The Unlawful Activities Prevention Act (UAPA),1967, enacted to combat terrorist activities in the country, is being actively employed by the government to arrest those who are critical of the ruling regime. The last few months has witnessed a surge in activists, students and journalists being booked under this law, which now allows the state to even designate individuals as terrorist. This becomes worrisome as it enlarges the scope for vindictive state action.
It raises a set of questions. One may ask whether it is just a means to an end which is the ultimate stifling of free speech in a democratic setup. Whether the stringent provisions are just another tool in the hands of the state to impair the individual’s rights. Moreover, is the primary intent of this law being effectively fulfilled?
The efficacy of such anti-terrorism legislations has always been a matter of concern as conviction rates of those accused under these laws have been dismal. Earlier the TADA and the POTA proved to be inefficient and now the UAPA is showing a similar pattern. According to National Crime Records Bureau, in 2018, the conviction rate under the UAPA was 27% while 93% of the cases remained pending in the court. This underlines the arbitrary use of the law by the authorities as an instrument of oppression.
The present law allows the designated authorities to arrest the accused on the basis of personal knowledge or information given by any person. The accused person can be detained for up to 180 days without the police producing any evidence against him. Also, the provision for obtaining bail is so stringent that possibilities of it are negligible. This is problematic as there is a risk that innocent people are locked up for years altogether before finally getting acquitted. Pre-trial detentions are a gross abuse of human rights and they are in violation of the international laws under ICCPR (International Covenant on Civil and Political Rights) and the UDHR (Universal Declaration of Human Rights). It compromises with the life and liberty of an individual while additionally making a case against the person‘s right to reputation.
Therefore, there must be enough safeguards to maintain a balance between considerations for India’s national security and the human rights of the country’s citizens. There is a pressing need for an independent review committee with a proactive and increased role to prevent any misuse of such harsh provisions. Presently, Section 37 of the Act provides for the setting up of a review committee by the government, and includes a high court judge and three other non-judicial members. When a person is notified as a terrorist under the UAPA, he can file an application for de-notification of his name before the same authority which notified his name in the first place. If this is unsuccessful, then their recourse is to apply to the above mentioned review committee which has been set up by the government itself.
The upper hand of the executive in the appointment process of members may dilute the independence of the committee; this is a breach of the requirements under Article 14 of the ICCPR and of general comments no 32. The Article 14(1) provides "...everyone shall be entitled to a fair and public hearing by a competent, independent, and impartial tribunal established by the law." General comment no. 32 further notes that the requirement of competence, independence and impartiality of a tribunal in the sense of Article 14 is an absolute right and thus, it’s not subjected to any exceptions. The first two review mechanisms not being fully impartial is also a violation of the principle of natural justice which encompasses the rule against bias. In Amar Nath Chowdhury vs Braithwaite And Company Ltd. & Ors, the court observed: "The rule against bias relies on the principle that justice must not only be done but should manifestly be seen to be done. This could be possible only when the judge or an adjudicating authority decides the matter impartially and without carrying any kind of bias."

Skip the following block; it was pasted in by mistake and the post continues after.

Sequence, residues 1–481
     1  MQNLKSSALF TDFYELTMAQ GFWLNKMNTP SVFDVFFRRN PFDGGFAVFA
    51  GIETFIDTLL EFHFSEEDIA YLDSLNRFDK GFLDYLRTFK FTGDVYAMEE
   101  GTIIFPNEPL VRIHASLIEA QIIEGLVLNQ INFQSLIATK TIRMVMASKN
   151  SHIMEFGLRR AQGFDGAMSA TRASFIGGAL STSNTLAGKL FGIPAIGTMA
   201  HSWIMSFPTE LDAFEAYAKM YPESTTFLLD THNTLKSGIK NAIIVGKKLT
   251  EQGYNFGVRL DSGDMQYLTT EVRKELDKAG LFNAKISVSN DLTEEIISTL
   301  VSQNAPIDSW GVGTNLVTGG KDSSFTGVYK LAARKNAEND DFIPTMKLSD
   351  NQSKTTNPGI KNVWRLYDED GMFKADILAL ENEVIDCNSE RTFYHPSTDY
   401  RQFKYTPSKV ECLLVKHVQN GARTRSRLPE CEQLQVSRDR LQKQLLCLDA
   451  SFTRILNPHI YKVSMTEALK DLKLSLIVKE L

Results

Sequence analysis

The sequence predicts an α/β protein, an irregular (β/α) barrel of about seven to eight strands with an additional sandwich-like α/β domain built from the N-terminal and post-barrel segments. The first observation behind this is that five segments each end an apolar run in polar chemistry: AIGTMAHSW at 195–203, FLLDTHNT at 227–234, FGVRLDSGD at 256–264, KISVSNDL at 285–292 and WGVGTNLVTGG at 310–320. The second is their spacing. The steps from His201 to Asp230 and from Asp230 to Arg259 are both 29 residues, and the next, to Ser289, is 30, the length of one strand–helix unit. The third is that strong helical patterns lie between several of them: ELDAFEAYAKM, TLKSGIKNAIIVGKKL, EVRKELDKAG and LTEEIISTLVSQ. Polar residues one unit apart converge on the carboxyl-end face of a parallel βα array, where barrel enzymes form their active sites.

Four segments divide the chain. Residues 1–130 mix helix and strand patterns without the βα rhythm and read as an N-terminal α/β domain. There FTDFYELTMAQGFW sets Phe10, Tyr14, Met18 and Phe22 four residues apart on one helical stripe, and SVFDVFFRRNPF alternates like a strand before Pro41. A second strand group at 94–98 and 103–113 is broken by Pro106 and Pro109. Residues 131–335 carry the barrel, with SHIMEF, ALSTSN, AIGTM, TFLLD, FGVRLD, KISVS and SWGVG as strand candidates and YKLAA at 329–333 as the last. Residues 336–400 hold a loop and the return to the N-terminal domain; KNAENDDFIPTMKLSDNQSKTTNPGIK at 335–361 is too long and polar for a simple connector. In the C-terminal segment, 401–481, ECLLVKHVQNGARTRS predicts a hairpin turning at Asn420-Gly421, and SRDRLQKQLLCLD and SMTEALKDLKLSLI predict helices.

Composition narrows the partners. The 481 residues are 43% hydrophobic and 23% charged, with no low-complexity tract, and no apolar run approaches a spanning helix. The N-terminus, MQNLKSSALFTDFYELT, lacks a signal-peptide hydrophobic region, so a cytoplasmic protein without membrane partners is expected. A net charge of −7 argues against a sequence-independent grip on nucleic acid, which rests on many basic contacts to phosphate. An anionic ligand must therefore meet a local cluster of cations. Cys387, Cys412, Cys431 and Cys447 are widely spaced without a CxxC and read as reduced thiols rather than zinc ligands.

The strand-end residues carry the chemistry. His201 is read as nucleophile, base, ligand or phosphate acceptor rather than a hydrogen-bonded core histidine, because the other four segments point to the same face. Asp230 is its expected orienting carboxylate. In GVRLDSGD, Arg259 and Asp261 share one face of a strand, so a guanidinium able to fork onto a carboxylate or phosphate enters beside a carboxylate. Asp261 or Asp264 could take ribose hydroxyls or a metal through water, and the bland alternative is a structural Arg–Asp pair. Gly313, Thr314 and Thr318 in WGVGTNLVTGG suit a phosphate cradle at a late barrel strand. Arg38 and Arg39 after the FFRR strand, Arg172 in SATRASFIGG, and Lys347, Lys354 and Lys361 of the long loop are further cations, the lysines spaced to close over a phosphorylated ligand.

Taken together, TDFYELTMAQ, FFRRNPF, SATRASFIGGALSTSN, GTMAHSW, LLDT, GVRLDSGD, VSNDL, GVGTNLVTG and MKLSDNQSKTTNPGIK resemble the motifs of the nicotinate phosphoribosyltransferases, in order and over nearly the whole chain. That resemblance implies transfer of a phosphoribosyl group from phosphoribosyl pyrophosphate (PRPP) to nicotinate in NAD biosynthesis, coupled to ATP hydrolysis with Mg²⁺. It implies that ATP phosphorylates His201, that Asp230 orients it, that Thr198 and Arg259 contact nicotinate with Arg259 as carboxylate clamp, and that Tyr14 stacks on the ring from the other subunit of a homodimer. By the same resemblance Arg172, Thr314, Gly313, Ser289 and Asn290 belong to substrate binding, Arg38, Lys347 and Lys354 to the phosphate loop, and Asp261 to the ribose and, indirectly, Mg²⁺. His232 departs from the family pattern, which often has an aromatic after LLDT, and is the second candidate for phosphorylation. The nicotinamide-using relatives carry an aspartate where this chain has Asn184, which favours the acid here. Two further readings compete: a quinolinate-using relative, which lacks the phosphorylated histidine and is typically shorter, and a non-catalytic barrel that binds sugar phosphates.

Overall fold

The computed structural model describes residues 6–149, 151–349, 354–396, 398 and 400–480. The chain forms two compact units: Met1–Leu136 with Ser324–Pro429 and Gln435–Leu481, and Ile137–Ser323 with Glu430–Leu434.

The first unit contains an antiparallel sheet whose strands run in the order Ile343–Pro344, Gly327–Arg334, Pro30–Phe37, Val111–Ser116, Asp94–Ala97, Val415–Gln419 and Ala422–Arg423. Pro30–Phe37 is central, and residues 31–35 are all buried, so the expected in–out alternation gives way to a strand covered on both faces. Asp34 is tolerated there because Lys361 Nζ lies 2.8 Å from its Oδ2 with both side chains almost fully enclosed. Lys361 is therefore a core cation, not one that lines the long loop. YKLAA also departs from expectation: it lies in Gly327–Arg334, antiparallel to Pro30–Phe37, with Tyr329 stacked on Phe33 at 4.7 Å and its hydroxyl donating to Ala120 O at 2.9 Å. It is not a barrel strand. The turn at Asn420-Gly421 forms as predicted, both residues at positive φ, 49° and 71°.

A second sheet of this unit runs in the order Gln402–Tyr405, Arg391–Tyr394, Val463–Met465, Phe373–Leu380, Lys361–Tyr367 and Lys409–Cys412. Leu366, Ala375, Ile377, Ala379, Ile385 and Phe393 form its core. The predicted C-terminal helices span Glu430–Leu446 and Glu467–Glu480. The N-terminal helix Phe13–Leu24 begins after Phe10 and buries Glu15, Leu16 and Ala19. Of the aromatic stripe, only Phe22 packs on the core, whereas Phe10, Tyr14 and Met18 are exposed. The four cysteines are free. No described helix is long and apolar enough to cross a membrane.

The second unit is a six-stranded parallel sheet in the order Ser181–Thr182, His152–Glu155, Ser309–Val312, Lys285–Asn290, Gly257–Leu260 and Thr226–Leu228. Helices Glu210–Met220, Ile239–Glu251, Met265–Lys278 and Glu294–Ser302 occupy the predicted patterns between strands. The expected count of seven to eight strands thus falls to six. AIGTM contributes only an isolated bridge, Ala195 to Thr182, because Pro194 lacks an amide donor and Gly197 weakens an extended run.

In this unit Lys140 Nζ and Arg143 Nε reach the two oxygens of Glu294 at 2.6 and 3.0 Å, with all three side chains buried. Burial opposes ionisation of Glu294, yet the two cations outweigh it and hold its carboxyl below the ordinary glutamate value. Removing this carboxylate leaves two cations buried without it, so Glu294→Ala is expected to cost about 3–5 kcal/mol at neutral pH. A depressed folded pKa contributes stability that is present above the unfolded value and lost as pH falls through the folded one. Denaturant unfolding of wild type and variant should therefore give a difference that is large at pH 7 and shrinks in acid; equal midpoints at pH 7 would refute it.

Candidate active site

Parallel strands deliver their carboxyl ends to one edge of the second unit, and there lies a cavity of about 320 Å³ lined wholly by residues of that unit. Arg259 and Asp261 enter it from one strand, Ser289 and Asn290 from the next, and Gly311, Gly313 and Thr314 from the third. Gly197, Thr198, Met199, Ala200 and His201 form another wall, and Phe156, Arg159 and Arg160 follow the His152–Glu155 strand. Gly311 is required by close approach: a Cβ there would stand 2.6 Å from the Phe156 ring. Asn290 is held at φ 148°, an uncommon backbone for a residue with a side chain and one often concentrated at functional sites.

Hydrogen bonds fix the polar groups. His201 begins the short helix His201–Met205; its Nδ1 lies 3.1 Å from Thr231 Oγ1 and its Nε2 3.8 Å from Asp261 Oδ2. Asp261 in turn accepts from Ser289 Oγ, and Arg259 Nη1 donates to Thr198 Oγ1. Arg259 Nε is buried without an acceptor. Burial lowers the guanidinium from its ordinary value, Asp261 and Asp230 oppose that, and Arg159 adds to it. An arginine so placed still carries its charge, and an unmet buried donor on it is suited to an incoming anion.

While the intention of the government to fight the evil of terrorism is noble, it is imperative to address the misuse of such laws and provide for adequate safeguards as the life and liberty of a person is endangered through the operation of this law. An effective statutory institutional mechanism that must act independently and impartially giving effect to the international laws and the inalienable human right laws should be set up. The act should incorporate the recommendation of the Second Administrative Reforms Commission that envisages an increased role of the review committee in contrast to its present restrictive role. The committee must make sure that a prima facie case is made out by the investigation agency soon after the arrests of the accused, and review the pending cases every quarter.
State should not be allowed to deprive individuals of months and years of their lives without any justifiable reason. As Gautam Bhatia points out in a recent article, one of the reasons the state feels comfortable with incarcerating people for long periods without any justification is because it is a costless exercise without any kind of accountability for their wrongful actions. The essential object of the Act to shield national security must be realised but not at the cost of eroding human rights.
Sarah Imran is a final year law student at the Faculty of Law, University of Delhi. Views expressed are personal.